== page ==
Memphis is more than the music. Memphis is more than the history. Memphis is more than Elvis and it’s also so much than ribs and barbecue.
Memphis has been attracting glowing Bon Appetit reviews and James Beard award nominations for quite a while. It’s a city where fine dining restaurants sit happily next to dive bars, soul food joints and drive-thru beignets. Downtown’s mix of historic storefronts and nondescript 70’s brick buildings house some of the city’s tastiest treats. The Cooper-Young neighbourhood is home to an eclectic mix of hip restaurants and chic bars.
Catherine & Mary’s
Catherine & Mary’s is the perfect example of what Americans do best; refined food in a casual, relaxed style. The restaurant sits on the ground floor of the former Chisca Hotel where DJ Dewey Phillips debuted Elvis’s ‘That’s Alright, Mama’.
Slowly, the neighbourhood is prising itself out of its forlorn past with long overdue renewal. On the corner of S. Main St and MLK Drive, Catherine & Mary’s is a chic, pared-back space – all polished concrete and moody lighting.
Catherine & Mary’s is the latest from James Beard nominated chefs Andy Ticer and Michael Hudman. The menu? Sicilian nonna meets Downtown Memphis: spuntini, handmade pasta and hearty mains. The chefs honour both their grandmothers with the name and their Maw Maw’s ravioli formed in the trays that Michael’s grandmother brought from the old country.
There are plenty of boutique American and European wines by the glass with a curated list of beers and ciders. The manicured cocktail list. How could you go past a Blue Eyes/Cold Heart? – where lots of yummy drops meet local favourite Old Dominick vodka. We do mean local – Old Dominick’s Distillery is right across the street.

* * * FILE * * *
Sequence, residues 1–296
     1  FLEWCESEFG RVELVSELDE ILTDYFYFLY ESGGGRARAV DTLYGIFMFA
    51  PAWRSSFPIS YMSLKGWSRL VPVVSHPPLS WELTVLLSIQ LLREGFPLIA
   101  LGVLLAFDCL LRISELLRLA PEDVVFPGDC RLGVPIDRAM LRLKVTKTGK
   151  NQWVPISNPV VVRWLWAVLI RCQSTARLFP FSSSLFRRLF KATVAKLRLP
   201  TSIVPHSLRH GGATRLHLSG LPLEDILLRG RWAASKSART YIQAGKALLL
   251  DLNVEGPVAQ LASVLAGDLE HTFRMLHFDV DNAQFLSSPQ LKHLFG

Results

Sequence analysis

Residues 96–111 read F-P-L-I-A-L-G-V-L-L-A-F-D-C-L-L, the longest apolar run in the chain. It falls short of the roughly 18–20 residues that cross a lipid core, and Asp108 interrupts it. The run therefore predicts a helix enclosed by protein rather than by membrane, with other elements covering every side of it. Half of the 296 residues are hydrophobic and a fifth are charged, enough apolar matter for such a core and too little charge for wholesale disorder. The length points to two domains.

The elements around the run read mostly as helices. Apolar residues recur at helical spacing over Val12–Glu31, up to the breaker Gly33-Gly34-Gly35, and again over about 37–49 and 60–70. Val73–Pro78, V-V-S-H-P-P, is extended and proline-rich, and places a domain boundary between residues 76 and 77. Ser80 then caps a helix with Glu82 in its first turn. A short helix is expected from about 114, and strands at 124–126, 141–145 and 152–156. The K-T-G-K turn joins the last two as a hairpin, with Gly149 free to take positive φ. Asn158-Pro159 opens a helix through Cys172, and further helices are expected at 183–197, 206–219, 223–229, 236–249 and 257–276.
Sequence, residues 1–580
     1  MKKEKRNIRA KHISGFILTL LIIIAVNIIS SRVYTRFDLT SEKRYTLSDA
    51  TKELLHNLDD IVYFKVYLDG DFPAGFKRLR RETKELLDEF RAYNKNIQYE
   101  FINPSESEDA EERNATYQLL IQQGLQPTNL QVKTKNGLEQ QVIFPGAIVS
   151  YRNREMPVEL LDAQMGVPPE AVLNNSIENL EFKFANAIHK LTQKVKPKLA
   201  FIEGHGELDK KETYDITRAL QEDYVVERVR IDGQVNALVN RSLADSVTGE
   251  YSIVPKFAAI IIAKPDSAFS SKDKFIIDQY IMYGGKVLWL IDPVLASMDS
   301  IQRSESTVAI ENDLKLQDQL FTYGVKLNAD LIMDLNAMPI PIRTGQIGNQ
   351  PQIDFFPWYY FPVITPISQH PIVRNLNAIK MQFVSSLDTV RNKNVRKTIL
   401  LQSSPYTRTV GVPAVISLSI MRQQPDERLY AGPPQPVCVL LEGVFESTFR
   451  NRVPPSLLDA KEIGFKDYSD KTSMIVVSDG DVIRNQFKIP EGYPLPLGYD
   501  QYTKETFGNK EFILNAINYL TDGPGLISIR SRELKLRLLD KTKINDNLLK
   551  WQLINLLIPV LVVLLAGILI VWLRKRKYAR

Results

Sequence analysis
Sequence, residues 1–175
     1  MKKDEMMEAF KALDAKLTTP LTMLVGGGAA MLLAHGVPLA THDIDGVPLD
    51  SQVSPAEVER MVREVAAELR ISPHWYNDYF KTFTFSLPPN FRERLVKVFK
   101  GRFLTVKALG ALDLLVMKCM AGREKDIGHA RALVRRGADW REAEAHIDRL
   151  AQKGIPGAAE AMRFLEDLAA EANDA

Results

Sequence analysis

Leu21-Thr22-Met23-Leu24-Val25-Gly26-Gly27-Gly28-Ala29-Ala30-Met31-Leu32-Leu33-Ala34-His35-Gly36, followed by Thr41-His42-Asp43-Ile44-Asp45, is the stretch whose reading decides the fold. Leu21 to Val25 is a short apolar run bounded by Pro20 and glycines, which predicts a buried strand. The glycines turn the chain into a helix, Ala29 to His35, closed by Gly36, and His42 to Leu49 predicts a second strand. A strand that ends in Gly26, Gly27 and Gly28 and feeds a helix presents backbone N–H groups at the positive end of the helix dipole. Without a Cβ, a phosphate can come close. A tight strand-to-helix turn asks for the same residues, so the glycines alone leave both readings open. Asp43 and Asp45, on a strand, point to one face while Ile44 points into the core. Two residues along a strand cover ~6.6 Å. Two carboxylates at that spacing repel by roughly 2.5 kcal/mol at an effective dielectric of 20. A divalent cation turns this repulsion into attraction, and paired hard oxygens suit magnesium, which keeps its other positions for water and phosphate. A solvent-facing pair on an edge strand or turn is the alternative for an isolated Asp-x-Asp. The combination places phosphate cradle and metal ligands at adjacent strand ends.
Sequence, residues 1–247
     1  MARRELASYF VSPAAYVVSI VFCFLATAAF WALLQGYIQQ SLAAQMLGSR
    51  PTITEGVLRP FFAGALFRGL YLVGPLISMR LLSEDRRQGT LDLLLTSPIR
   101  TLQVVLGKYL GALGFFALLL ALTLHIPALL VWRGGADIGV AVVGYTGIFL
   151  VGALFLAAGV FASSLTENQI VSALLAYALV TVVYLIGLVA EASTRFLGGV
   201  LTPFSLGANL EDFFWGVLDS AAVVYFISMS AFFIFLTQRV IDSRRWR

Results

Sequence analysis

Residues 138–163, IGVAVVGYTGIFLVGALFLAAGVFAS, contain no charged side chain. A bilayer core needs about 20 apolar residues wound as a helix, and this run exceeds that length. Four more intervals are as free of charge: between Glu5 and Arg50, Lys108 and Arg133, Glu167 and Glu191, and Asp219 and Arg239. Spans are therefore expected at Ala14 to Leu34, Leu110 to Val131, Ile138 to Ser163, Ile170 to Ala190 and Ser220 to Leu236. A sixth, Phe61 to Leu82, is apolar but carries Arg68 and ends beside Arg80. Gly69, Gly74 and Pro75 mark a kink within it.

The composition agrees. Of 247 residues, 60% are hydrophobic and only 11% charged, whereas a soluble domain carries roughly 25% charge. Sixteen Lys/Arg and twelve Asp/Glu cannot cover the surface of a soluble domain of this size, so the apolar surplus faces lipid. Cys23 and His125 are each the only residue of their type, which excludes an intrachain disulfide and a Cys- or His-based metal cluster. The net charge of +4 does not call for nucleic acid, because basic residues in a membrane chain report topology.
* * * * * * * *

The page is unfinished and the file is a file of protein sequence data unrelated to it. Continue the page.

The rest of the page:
A lamb ragu spaghetti with kalamata, pancetta and mint was smart and al dente. Glistening duck with farro, mushrooms, cauliflower and pear was the winner of the mains with a succulent local fish with summer squash, shisitos, tarragon, garlic and topped with tomatillos a close second.
The Beauty Shop Restaurant
Memphian’s favourite weekend brunch spot is known for its eclectic take on Southern comfort food. Chef Karen Carrier took a Cooper-Young 50’s era beauty shop and made it one of Memphis’ hottest places to eat. The front window says it all – “Look Good. Eat Good”. The Beauty Shop Restaurant is where the cool kids go to eat in one of the Bluff City’s hippest neighbourhoods.
Sit by one of the dryers and partake a libation to start. The Beautini sounds good. Imagine you’re sitting next to Priscilla having your do done. (Yes, Priscilla was a regular here when it was a curl and dye shop). The wine list ranges from Italy to France, Oregon to New Zealand.
It’s pink and mint green, vitrolite and glass brick interior sets the mood for a fun night. Servings are Southern sized – generous and understandably sweet. The whole grilled Romaine is not for those looking for a light salad option with roasted cherry toms, maple glazed bacon, gorgonzola, rosemary spiced pecans and blue cheese dressing but it is deee-licious.